At mid-afternoon I was craving a mocha latte, and set out on my break for the coffee shop on the first floor at work. In between my office and my intended destination, I ran into a gal from another department who also has lupus. It wasn’t too long and I almost felt like I was having an out-of-body experience. Who would believe all the stuff that we were talking about, unless they were in the know about lupus?
To the unprepared person, the nonchalant way we discussed the day-to-day issues of lupus as we caught up on the recent condition of each others’ lupus adventures could be a little daunting. It dawned on me that to the casual listener or passerby, our reality with lupus might seem utterly unbelievable and unreal!
First, there was discussion of fatigue and how utterly exhausting my friend was feeling. Then the encouraging thought that all of us lupus patients feel that way quite often, and it should not be alarming. Then, a discussion of shared digestive issues (I know, T.M.I.) that are so utterly disruptive to social life, and yet we have resigned ourselves to accept and live with the imposition of this lupus-caused discomfort and indisposition without warning.
Next, we were chatting about exercise and the positive impact it as upon joint pain, circulation, tendon health, emotions, etc. Followed by a detailed discussion of the narrow exercise options and restrictions we face: no sun, no impact, and the need for slowly working up the duration and rigorousness. We discussed types of equipment that seem to work, and those that don’t.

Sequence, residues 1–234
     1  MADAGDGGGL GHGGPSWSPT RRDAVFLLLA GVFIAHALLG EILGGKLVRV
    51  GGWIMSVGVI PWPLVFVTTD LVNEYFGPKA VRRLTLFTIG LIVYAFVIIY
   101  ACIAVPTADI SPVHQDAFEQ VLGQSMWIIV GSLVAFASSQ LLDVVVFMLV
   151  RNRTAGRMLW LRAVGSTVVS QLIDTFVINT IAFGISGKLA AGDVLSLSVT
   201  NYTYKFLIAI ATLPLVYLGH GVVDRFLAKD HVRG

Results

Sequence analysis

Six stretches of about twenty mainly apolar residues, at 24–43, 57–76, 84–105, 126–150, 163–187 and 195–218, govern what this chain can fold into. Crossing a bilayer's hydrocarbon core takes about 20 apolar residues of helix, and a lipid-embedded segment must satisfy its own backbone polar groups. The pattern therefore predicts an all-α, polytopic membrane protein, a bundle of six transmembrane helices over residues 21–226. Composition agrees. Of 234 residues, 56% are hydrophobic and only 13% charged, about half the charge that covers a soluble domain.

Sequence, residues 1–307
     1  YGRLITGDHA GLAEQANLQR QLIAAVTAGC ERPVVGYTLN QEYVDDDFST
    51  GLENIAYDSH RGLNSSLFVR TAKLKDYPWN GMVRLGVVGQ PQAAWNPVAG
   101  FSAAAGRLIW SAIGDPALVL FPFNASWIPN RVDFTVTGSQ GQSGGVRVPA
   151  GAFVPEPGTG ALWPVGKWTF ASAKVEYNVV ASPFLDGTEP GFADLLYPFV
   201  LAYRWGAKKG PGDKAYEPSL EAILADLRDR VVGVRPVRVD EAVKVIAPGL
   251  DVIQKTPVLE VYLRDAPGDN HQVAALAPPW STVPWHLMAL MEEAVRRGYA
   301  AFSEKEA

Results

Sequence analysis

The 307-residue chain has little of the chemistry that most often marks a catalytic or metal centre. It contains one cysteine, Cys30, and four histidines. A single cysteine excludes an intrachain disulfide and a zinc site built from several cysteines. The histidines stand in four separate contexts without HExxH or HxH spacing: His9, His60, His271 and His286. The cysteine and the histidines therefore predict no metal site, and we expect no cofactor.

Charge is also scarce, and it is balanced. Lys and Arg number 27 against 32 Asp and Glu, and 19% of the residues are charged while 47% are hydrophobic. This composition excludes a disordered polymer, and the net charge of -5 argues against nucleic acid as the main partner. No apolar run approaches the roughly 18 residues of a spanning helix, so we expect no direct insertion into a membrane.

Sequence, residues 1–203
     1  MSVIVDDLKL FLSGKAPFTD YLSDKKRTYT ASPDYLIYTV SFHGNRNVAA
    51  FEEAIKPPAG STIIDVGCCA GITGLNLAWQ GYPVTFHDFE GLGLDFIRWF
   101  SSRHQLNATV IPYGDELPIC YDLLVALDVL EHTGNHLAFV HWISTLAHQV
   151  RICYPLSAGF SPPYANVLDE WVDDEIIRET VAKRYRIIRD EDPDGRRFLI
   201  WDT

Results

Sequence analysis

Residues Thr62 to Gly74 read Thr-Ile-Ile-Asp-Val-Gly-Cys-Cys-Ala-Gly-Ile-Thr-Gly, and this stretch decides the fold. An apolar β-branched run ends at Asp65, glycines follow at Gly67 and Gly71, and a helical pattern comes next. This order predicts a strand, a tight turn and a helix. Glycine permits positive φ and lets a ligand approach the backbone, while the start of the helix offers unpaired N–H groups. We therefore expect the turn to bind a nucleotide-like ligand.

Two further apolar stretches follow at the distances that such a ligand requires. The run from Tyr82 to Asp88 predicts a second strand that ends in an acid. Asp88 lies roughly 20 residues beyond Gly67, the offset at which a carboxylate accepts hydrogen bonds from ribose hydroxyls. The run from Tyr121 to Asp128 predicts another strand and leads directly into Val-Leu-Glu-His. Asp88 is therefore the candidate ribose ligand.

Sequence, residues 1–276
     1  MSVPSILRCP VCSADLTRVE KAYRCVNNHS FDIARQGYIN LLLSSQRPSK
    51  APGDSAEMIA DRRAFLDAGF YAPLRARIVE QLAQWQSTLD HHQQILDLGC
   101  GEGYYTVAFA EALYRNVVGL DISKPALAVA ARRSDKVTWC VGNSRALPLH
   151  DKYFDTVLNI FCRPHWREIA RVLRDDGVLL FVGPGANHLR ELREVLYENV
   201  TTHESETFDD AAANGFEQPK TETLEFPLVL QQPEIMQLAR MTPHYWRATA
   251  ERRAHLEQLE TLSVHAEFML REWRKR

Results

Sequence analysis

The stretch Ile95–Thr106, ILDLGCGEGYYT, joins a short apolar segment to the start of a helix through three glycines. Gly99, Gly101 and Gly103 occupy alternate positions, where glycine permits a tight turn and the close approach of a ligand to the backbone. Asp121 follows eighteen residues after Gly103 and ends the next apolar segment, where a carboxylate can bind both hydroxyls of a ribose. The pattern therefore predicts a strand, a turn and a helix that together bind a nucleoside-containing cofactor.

Soon our conversation turned to current medications and treatment plans. The long list of drugs we each rattled off was enough to turn any passing head in concern and amazement. Scores of medications, this supplement and that, and what the benefits have been from taking them. We spoke about the results of various anti-inflammatory drugs we have used, and how we reacted to them. Of course, we didn’t leave out the chemo drugs!
At one point we compared notes on our rheumatologists and evaluated their bedside and office visit manner, and swapped stories about methods and strategies for achieving the most successful results from our visits with our doctors. It was comforting to agree that they, too, are just people, and that applying some kindness and people skills in our dealing with them, coupled with frankness was always a good tactic.
Eventually, my fried introduced me to a co-worker that walked up and joined into our conversation. At first, I was not certain how much she might or might not know about the discussion she had happened upon. I found myself feeling almost sorry for her, and somewhat obliged to move toward more generic conversation. Speaking with her about the support of our employer for ADA accommodations for lupus was a good quick transition away from lupus patient chatter to more benign and inclusive workplace gab.
The arrival of the third person had suddenly made me realize from an almost out-of-body perspective how obscure and perhaps frightening the “foreign language” of lupus patient chat might sound to the uninformed outsider. We take so much for granted that we have learned to accept about our lupus. Lupus is not for the faint of heart, that is for sure!
I chuckled to myself about the litany of things I have become used to discussing in my lupus adventures and headed off to find the mocha I had set out for 15 minutes earlier. Quite a chat between me and my latte!